-Escape the room VR, based on some informatic base, but it still required too much work for our deadline and we really had to show we were working by the end of it.
-A school simulator, where we could try to rebuild our school on the inside based on assets on the Unity Assets Store and program some part, like archery or basketball. We also wanted to include a little cinema where you could watch a clip of a project we made to support Parkinson‘s disease cures.
We settled down on the last idea, it was the one we could make in a relatively fast time while looking good on design.
First of all, we started with the assets. Part of the team worked on textures while others tried to implement new models on the basic layout of the school we have. Then the programming group, the one I took part in, worked on the SteamVR API, the bow system, the object grabbing system, and the physics of some objects (like the basketball). Finally, we had the sound engineers work on sampling, our studio audio for the school, basic school sounds (like items dropping), and the Parkinson clip sound.
We experienced the collaborative elements of co-working in a company, used new platforms to share the project, and while it got very rough overtime, we were able to manage it all, and overcome all problems that came our way.
Finally we needed a name, and we decided on VEX (which stands for Virtual Experience, our fantasy wasn’t really on the names!). Eventually we all came to really like it, because while in some ways it sounded very basic and dumb, in other ways it sounded professional, so we stuck with it.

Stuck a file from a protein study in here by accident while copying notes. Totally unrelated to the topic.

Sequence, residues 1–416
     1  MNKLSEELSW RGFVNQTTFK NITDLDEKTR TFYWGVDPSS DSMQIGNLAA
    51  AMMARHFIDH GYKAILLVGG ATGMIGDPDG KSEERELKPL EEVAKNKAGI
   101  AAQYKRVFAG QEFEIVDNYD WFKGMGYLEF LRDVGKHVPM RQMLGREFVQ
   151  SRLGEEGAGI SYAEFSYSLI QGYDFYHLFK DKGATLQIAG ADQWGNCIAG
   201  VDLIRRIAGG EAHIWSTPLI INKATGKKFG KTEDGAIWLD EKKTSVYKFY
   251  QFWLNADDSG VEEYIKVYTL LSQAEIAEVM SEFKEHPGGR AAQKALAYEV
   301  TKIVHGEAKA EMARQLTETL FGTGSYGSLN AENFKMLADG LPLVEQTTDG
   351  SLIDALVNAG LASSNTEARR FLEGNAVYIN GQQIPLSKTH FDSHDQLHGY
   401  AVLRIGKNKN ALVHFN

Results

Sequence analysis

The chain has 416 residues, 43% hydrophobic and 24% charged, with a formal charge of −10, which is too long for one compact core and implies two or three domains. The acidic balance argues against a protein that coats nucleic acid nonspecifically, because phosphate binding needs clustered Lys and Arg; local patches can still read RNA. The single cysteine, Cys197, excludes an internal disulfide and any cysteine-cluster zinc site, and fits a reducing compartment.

The experience really helped us consolidate as a good work group, and helped us construct a shared objective in ways we never thought of before!
Time passed by and we arrived at the end of February (before the deadline) with the ALPHA 0.1 of the Vex Project. It was so satisfying to know that we did it and that we could, after a break for study (we still have exams to do by the end of the year), try to improve it more in all ways we can imagine. For example: improving performance(it runs at about 60 fps, but we’re working on reaching the target 90 fps for VR), adding a chemistry lab, adding a computer lab, and an electronic-puzzle lab/minigame that we’re still brainstorming.
Below are some screenshots of the work we did in VEX. I have to say that we were highly inspired from the archery game in The Lab, most of us are really big fans of that game right now!